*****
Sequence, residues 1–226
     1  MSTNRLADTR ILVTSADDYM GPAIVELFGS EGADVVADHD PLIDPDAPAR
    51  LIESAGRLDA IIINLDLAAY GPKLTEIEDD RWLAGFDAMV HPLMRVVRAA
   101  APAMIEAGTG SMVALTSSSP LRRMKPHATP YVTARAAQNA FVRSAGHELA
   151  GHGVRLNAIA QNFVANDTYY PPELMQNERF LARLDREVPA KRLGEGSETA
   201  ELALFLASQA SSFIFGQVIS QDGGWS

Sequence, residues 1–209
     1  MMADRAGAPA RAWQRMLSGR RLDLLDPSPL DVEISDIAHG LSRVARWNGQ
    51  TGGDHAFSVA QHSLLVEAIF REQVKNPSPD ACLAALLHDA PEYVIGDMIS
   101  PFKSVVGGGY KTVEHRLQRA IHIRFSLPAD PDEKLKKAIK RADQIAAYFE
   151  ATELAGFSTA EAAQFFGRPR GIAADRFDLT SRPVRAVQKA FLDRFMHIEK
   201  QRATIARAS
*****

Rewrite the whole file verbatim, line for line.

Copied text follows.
Sequence, residues 1–226
     1  MSTNRLADTR ILVTSADDYM GPAIVELFGS EGADVVADHD PLIDPDAPAR
    51  LIESAGRLDA IIINLDLAAY GPKLTEIEDD RWLAGFDAMV HPLMRVVRAA
   101  APAMIEAGTG SMVALTSSSP LRRMKPHATP YVTARAAQNA FVRSAGHELA
   151  GHGVRLNAIA QNFVANDTYY PPELMQNERF LARLDREVPA KRLGEGSETA
   201  ELALFLASQA SSFIFGQVIS QDGGWS

Sequence, residues 1–209
     1  MMADRAGAPA RAWQRMLSGR RLDLLDPSPL DVEISDIAHG LSRVARWNGQ
    51  TGGDHAFSVA QHSLLVEAIF REQVKNPSPD ACLAALLHDA PEYVIGDMIS
   101  PFKSVVGGGY KTVEHRLQRA IHIRFSLPAD PDEKLKKAIK RADQIAAYFE
   151  ATELAGFSTA EAAQFFGRPR GIAADRFDLT SRPVRAVQKA FLDRFMHIEK
   201  QRATIARAS